31 May 2019, 20:00

Trekhgornaya manufacture, Nadezhda. Address: Rochdelskaya street, 15/24


An accordion is not the most eagerly sought instrument for the contemporary music, but one of the artists of the 23rd event of the SOUND UP festival, the Swiss composer Mario Batkovic, proves that in skillful hands its resources are practically limitless. Performing solo, and declaratively using no electronic accessories, he puts the audience into a state of trance with his fanciful instrumental pieces that echo a great variety of musical styles, from the academic minimalism to punk rock. Batkovic’s accordion resembles not a handmade device for extracting sounds, but a living creature, with the irregular breathing of its bellows, the heartbeat of the bass notes, and the tender, fragile voice of the principal melodies, which, at times, is raised to a shouting pitch.

Batkovic was born in Bosnia, but he studied first at the Hannover University of Music, Theater and Media, and then at the Basel Academy of Music, which he graduated as the Master of Arts in Chamber Music Improvisation. Despite his academic training, he quickly realized that the world of academic music is too confining for him, and went rogue: he performed in rock bands, wrote soundtracks to movie shorts and computer games, all the while perfecting his personal inimitable style. He combines the repetitiveness of the minimalists in the spirit of Michael Nyman or Philip Glass with the striking dynamic contrasts and powerful performative expressiveness: at times, it is hard to comprehend how his instrument survives the various torments, to which it’s subjected both on stage and in the studio.

In 2015, Mario Batkovic was noticed by Geoff Barrow, whose principal claim to fame is his leadership in the classic trip hop project Portishead. First, the accordion player went on a tour with the neopsychodelic band Beak, led by Barrow, and then signed a contract with his label Invada Records. Two years later, the label released Batkovic’s album titled simply Mario Batkovic. The name seems to hint that at the moment, this is the artist’s magnum opus, the recording that opens a new page in his creative history. The record presents a number of spirit-lifting neoclassical compositions, but there are also some energetic rock performances where the single accordion successfully supplants a whole electric power trio. The Rolling Stone magazine put the record on its list of Top 10 avantgarde albums of 2017, while the geography of Batkovic’s concerts was expanded to Great Britain, Netherlands, South Africa, and now, Russia.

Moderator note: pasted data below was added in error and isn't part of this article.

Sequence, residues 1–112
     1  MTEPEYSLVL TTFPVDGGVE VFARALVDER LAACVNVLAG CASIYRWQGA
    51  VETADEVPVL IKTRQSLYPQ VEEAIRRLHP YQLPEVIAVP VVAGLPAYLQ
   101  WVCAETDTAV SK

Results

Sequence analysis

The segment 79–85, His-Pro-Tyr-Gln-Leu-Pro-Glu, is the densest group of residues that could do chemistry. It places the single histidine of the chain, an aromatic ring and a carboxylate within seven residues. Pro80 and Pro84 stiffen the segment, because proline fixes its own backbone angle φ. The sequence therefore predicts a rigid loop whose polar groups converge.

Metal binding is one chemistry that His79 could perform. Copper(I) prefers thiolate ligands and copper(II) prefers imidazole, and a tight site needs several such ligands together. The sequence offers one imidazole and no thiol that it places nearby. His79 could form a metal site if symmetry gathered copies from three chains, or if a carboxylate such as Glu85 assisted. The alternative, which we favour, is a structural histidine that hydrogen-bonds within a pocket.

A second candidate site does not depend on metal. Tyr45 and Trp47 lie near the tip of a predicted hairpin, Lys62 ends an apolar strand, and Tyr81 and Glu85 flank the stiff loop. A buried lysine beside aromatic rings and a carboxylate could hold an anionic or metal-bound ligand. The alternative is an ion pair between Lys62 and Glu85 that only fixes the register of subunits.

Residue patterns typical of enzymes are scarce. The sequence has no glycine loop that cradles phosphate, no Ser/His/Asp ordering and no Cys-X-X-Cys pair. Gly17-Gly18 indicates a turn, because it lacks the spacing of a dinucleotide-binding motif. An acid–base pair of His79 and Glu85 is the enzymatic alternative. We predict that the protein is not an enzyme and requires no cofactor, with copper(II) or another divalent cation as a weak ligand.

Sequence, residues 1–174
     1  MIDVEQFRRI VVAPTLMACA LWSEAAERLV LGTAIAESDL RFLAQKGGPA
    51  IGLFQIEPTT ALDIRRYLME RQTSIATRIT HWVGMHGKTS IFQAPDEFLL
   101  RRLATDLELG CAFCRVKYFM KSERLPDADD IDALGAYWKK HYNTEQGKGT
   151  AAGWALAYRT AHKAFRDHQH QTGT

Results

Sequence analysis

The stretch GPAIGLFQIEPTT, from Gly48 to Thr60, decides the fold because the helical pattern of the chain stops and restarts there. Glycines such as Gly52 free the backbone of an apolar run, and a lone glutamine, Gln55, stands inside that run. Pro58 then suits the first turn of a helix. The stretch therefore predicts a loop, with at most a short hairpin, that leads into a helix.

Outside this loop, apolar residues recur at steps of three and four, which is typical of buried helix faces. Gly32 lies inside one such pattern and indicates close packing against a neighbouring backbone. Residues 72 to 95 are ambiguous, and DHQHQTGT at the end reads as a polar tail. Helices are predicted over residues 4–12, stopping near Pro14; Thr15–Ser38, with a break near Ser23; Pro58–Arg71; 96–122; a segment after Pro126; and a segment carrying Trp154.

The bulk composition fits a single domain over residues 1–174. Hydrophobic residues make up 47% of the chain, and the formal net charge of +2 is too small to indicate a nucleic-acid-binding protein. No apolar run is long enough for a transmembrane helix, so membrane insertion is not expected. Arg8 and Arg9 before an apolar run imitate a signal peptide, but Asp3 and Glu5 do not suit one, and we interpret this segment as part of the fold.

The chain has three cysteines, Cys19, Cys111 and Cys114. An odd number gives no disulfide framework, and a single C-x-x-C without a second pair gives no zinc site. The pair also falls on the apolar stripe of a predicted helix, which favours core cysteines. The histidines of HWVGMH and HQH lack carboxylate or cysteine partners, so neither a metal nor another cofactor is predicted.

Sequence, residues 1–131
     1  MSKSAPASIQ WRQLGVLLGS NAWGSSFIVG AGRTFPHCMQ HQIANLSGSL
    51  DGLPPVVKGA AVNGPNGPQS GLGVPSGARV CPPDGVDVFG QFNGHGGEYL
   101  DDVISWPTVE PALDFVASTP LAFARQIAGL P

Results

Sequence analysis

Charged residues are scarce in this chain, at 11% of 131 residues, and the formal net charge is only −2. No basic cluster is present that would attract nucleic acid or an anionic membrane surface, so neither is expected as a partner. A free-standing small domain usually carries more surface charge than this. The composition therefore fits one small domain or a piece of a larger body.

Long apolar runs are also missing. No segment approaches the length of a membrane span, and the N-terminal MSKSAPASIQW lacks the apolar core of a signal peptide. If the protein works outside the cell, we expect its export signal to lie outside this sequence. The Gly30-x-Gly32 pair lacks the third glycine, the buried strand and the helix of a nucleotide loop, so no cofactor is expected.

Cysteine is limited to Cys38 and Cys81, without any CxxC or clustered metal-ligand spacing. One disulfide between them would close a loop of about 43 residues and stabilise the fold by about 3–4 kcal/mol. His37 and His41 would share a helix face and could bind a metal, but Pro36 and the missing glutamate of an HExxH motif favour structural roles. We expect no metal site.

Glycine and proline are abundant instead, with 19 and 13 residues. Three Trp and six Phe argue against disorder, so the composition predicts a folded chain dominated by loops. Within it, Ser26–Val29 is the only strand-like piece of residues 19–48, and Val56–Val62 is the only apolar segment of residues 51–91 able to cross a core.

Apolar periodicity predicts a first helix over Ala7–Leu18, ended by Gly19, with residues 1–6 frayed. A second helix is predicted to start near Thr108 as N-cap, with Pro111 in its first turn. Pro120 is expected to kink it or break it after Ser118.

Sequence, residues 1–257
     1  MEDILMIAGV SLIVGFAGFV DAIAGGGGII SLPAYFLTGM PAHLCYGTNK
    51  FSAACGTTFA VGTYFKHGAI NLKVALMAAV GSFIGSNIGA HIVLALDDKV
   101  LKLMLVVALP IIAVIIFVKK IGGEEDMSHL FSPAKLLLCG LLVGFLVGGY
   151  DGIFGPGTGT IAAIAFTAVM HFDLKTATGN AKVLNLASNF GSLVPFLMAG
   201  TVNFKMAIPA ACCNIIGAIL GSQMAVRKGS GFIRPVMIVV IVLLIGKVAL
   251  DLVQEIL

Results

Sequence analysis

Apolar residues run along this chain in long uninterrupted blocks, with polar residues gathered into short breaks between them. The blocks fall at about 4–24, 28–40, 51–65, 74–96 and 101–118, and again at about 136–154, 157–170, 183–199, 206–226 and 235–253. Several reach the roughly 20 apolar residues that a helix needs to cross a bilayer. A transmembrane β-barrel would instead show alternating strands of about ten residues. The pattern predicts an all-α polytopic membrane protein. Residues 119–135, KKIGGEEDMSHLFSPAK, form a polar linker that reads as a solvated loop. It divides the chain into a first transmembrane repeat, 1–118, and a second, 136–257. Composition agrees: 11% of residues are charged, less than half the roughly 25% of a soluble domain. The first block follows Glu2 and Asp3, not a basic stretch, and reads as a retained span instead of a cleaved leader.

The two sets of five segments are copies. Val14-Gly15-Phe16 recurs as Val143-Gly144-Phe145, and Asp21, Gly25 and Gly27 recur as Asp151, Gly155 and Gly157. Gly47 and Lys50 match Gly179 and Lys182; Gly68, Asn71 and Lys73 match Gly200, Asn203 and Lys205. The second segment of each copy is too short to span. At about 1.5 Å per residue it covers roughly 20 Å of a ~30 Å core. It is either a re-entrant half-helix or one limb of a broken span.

The second performer of SOUND UP No. 23 is Dima Anikin, composer and sound artist from St. Petersburg, with his resequence project. “Renumeration,” “readjustment” – the translations of this name may sound somewhat strange, but they describe the essence well: Anikin splinters the surrounding sound environment into atoms and then recompiles it, putting the sound pieces together in a new and exciting sequence. The sounds that he uses are as diverse as possible: from the hard, prickly electronica to the live strings, from samples and inventive found sounds to the African kalimba and the ancient Soviet chromatic pitchfork. The reality is not deconstructed, it is reconstructed anew: live, “on the air.”

And it seems quite logical that resequence music has been used as a soundtrack to many stage performances and art shows, because any stage performance and any exhibition is also an experience of “readjustment,” of reconstruction of the surrounding world. In 2010 and 2016, Anikin collaborated with the artist and writer Pavel Pepperstein: first in London, on the project From Murder with Love, then at Moscow’s Regina Gallery, on the Miracles in a Swamp exhibit. A year later, he presented and performed live the original music for the Steam movie short created by the Venice Film Festival’s prize-winner Apichatpong Weerasethakul. And when Carsten Nicolai, also known as Alva Noto, the German classic of glitch electronics and resident of the important music label Raster Noton, recorded his Wall Paper project at Moscow’s Glinka Museum, he invited Dima Anikin as his partner on the legendary Soviet synthesizer ANS that was given this name at the late 1950s in honor of another master of transforming reality with music and sound, the Symbolist composer A.N. Skryabin.

At the SOUND UP concert, resequence presents the tracks from the album Sirens Wailing. Although inspired by the image of the mythological temptresses, this work is in no way an attempt to set the Greek myth to music. The musician is rather interested in the sirens as archetypes: he demonstrates the age-old human aspiration for the beautiful forbidden fruit and the unfailing result of such striving. The abstract electro acoustics of resequence seem to be the most fitting medium for communicating this problem in sound.

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